A Crisis of Conscience
A Crisis of Conscience | Wendell Potter, Deadly Spin, CIGNA, for-profit health insurance, health reform

Wendell Potter

Wendell Potter’s Examination of For-Profit Insurance and Health Reform

Wendell Potter knows what success feels like.

With a degree in journalism from the University of Tennessee, Potter was just in his 20s when he was promoted by the Memphis Press-Scimitar, a Scripps-Howard paper, to cover politics and write a column in Washington, D.C.  Yet, as many reporters are, Potter was lured away from daily journalism into public relations and joined the Baptist Health System of East Tennessee as director of PR and advertising.

That’s when Potter’s stock in the healthcare industry began to climb. He jumped from Baptist to Humana and, four years later, was hired away by CIGNA.

“I joined the company to support the healthcare operations exclusively, and I worked in Connecticut where those operations are based,” Potter recalled. “After four years, I was asked to move to Philadelphia to work for the corporation. So I spent the rest of my career as the head of corporate communications.”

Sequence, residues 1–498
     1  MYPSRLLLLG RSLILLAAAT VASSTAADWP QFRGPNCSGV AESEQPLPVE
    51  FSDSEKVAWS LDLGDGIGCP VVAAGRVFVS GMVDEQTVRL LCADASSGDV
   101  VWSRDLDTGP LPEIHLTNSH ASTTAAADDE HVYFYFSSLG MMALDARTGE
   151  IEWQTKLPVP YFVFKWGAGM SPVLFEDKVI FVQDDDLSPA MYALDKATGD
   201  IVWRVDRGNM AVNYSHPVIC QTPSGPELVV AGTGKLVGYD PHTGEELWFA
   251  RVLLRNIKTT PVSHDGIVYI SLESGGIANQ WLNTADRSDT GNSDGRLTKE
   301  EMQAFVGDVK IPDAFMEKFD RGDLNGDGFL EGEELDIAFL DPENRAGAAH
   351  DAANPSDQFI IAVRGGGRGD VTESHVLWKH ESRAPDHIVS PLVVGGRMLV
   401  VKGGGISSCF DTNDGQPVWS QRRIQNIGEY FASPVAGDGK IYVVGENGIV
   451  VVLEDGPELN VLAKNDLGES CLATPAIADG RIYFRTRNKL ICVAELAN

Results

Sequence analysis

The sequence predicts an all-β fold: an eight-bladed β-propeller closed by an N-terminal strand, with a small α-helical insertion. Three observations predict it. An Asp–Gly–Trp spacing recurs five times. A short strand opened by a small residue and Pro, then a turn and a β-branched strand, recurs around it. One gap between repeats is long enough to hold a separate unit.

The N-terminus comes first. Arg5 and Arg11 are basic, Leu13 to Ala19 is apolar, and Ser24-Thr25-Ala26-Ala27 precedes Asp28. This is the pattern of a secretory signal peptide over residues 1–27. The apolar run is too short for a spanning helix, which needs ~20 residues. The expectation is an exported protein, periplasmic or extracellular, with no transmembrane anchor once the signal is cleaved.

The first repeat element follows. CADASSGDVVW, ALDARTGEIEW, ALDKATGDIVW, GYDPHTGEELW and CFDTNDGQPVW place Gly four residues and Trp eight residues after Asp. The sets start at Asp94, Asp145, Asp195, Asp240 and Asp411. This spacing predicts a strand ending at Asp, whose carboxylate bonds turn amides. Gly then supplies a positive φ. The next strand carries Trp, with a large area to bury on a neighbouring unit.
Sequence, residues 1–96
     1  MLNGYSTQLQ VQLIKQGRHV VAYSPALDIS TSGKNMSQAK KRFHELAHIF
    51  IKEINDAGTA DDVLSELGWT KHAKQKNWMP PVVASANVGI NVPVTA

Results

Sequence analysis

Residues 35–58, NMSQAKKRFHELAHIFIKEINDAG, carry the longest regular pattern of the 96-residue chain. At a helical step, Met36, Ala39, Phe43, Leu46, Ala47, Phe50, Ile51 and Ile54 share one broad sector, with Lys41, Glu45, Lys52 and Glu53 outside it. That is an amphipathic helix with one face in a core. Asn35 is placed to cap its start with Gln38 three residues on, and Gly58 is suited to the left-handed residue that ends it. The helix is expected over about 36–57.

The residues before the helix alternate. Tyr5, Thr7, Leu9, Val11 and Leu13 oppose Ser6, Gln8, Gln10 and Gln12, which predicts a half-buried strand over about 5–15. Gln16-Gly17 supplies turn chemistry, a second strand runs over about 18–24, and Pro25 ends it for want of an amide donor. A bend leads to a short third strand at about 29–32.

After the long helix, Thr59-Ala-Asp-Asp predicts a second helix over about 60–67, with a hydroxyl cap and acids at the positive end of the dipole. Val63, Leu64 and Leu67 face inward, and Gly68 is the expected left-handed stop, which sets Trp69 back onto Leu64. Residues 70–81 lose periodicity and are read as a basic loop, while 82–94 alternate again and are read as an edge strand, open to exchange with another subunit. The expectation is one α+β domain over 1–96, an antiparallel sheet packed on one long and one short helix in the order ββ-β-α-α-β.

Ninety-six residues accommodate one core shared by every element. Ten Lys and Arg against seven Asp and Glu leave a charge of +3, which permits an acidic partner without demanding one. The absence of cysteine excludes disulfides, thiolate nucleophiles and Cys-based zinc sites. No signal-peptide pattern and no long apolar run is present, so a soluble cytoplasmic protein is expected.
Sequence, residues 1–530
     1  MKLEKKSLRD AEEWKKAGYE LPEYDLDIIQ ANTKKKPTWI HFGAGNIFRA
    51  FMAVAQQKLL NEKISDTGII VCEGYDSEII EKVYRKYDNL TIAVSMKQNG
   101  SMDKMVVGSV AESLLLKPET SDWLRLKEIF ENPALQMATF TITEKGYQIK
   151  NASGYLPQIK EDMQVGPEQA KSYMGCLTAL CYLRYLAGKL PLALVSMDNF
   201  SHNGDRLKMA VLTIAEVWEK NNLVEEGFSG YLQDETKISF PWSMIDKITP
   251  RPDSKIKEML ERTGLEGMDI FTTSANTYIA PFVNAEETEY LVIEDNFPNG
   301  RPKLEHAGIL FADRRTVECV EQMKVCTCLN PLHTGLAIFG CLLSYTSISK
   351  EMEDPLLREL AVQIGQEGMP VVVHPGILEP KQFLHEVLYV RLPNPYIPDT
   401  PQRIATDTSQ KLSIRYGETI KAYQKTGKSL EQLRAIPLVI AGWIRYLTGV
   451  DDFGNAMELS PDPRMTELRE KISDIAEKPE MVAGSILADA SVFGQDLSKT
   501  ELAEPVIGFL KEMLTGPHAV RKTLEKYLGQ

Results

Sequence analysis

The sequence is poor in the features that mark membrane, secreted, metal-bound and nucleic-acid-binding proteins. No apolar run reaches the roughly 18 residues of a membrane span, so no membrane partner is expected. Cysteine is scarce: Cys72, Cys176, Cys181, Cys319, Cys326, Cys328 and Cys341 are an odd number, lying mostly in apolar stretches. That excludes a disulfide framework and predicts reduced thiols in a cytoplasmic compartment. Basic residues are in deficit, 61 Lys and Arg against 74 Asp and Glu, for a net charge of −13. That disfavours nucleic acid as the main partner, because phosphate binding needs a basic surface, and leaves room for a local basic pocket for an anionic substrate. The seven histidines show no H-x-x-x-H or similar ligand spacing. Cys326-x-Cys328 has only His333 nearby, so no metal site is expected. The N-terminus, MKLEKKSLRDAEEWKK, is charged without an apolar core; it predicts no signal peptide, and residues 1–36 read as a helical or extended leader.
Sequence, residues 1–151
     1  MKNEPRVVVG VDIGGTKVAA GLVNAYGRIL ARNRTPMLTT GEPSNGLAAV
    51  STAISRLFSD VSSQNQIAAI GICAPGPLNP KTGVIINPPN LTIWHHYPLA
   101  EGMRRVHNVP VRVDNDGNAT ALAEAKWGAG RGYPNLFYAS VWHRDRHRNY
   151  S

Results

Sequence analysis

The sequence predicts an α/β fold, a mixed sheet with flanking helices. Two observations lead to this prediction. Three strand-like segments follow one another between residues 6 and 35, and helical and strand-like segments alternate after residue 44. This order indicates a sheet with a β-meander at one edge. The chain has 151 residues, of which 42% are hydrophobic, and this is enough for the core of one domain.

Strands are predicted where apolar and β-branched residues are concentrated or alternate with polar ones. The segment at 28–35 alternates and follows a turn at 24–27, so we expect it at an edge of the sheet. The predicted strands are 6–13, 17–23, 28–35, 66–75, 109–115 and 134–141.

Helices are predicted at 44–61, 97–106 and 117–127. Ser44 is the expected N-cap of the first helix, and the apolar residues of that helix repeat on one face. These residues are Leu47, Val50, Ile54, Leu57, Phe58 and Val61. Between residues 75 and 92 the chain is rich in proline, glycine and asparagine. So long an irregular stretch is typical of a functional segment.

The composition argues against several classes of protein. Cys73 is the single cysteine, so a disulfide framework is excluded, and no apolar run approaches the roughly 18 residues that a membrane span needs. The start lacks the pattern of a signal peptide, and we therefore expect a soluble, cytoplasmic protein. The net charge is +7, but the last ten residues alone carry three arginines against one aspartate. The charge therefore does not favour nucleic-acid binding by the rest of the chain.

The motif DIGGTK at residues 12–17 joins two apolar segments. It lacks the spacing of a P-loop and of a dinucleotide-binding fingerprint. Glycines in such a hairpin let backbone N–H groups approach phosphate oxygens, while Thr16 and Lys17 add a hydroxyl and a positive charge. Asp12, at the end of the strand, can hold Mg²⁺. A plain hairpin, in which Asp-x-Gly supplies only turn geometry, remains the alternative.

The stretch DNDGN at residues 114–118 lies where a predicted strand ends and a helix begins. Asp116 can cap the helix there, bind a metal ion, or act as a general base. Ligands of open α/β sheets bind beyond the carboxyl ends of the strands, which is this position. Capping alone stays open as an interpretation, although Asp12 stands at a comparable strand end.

Those were heady times, Potter acknowledged, when he served as the insurance giant’s national spokesman. He was an advocate for a managed-care insurance model in the late 1990s that he believed worked – especially the HMO staff model popular in the western states – to deliver efficient and quality care. “I believed in the concept of managed care, and did for many years. It was only years later that I was able to see that the profit motive had really wrecked the idea and the promise of managed care,” Potter said. He described for-profit insurers’ dealings with physicians and patients as “ham-fisted” and said that, over time, he became “disillusioned.”

For-profits were scrambling for a new “silver bullet” that would boost profits at the expense of providers and patients, Potter said, and eventually the former journalist had had enough. He defected. Potter left CIGNA in 2008 and is the author of “Deadly Spin: An Insurance Company Insider Speaks Out on How Corporate PR is Killing Health Care and Deceiving Americans,” published last November by Bloomsbury Press. Today, Potter is a senior analyst at The Center for Public Integrity and the senior fellow on healthcare for the Center for Media and Democracy. He talked to Medical News about his crisis of conscience, his dramatic career shift and his newfound role as patient champion and truth teller.